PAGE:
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Open Access Research article

Clinical and sociodemographic correlates of suicidality in patients with major depressive disorder from six Asian countries

Ah-Young Lim1, Ah-Rong Lee1, Ahmad Hatim2, Si Tian-Mei3, Chia-Yih Liu4, Hong Jin Jeon5, Pichet Udomratn6, Dianne Bautista78, Edwin Chan78, Shen-Ing Liu9, Hong Choon Chua10, Jin Pyo Hong1* and the MD RAN

Author Affiliations

1 Department of Psychiatry, Asan Medical Center, Ulsan University College of Medicine, Seoul, South Korea

2 Department of Psychological Medicine, Faculty of Medicine, University of Malaya, Kuala Lumpur, Malaysia

3 Peking University Institute of Mental Health, Beijing, China

4 Department of Psychiatry, Chang Gung Medical Center and Chang Gung University, Tao-Yuan County, Taiwan

5 Department of Psychiatry, Depression Center, Samsung Medical Center, Sungkyunkwan University School of Medicine, Seoul, South Korea

6 Department of Psychiatry, Faculty of Medicine, Prince of Songkla University, Songkhla, Thailand

7 Singapore Clinical Research Institute, Singapore, Singapore

8 Duke-National University of Singapore, Singapore, Singapore

9 Department of Psychiatry, Mackay Memorial Hospital, New Taipei City, Taiwan

10 Institute of Mental Health, Woodbridge Hospital, Singapore, Singapore

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BMC Psychiatry 2014, 14:37  doi:10.1186/1471-244X-14-37

Published: 13 February 2014

Abstract

Background

East Asian countries have high suicide rates. However, little is known about clinical and sociodemographic factors associated with suicidality in Asian populations. The aim of this study was to evaluate the factors associated with suicidality in patients with major depressive disorder (MDD) from six Asian countries.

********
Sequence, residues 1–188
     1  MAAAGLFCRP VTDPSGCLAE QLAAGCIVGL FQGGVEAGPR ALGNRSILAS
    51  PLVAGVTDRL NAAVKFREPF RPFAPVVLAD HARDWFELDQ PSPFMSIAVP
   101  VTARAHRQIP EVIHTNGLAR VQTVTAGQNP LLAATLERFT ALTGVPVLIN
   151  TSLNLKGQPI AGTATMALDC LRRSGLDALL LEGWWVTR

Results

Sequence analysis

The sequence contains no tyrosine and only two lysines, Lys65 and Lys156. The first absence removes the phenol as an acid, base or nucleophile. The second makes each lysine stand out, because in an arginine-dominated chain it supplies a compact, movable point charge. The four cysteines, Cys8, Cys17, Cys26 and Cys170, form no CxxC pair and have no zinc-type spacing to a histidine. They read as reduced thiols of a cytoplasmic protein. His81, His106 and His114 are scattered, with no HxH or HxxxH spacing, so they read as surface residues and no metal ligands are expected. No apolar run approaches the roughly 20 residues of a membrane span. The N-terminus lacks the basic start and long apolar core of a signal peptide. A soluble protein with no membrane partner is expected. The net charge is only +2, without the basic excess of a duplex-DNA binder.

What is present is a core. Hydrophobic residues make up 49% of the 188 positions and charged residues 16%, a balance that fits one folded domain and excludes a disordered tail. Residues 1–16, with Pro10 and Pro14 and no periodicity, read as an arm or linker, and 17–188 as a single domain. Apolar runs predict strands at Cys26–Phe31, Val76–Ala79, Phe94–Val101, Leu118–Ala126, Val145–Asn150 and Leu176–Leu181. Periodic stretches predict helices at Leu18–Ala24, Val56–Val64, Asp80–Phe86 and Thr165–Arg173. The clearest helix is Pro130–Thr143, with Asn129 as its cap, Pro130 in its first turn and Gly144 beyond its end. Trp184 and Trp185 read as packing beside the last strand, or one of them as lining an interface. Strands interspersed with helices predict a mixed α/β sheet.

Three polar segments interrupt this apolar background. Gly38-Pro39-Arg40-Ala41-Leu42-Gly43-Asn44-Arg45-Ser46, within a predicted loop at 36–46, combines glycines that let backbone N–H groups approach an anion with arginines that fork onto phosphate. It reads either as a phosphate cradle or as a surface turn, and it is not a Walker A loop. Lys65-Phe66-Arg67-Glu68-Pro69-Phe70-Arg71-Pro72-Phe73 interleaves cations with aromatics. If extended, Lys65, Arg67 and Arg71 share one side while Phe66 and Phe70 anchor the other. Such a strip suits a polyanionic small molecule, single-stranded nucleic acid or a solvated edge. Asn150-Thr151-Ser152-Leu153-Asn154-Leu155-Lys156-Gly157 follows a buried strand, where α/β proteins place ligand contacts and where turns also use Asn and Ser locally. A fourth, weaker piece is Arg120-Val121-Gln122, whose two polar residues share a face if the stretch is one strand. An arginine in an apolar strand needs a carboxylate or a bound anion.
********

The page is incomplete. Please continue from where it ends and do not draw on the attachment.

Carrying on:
Methods

The study cohort consisted of 547 outpatients with MDD. Patients presented to study sites in China (n = 114), South Korea (n = 101), Malaysia (n = 90), Singapore (n = 40), Thailand (n = 103), and Taiwan (n = 99). All patients completed the Mini-International Neuropsychiatric Interview (MINI), the Montgomery–Asberg Depression Rating Scale (MADRS), the Global Severity Index(SCL-90R), the Fatigue Severity Scale, the 36-item short-form health survey, the Sheehan Disability Scale, and the Multidimensional Scale of Perceived Social Support (MSPSS). Patients were classified as showing high suicidality if they scored ≥6 on the MINI suicidality module. Multivariate logistic regression analysis was used to examine sociodemographic and clinical factors related to high suicidality.

Results

One hundred and twenty-five patients were classed as high suicidality. Unemployed status (adjusted odds ratio [OR] 2.43, p < 0.01), MADRS score (adjusted OR 1.08), p < 0.001, and GSI (SCL-90R) score (adjusted OR 1.06, p < 0.01) were positively related to high suicidality. Hindu (adjusted OR 0.09, p < 0.05) or Muslim (adjusted OR 0.21, p < 0.001) religion and MSPSS score (adjusted OR 0.82, p < 0.05) were protective against high suicidality.

Conclusions

A variety of sociodemographic and clinical factors were associated with high suicidality in Asian patients with MDD. These factors may facilitate the identification of MDD patients at risk of suicide.

Keywords:
Suicide; Major depressive disorder; Risk factor; Social support